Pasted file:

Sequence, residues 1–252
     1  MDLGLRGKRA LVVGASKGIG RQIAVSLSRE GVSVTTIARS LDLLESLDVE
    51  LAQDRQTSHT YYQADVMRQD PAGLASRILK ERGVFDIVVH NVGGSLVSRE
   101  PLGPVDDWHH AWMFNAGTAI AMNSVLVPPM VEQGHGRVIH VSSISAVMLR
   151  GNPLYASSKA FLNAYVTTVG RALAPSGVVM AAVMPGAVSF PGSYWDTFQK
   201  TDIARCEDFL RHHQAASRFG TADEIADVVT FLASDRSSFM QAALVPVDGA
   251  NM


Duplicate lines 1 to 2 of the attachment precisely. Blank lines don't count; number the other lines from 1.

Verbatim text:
Sequence, residues 1–252
     1  MDLGLRGKRA LVVGASKGIG RQIAVSLSRE GVSVTTIARS LDLLESLDVE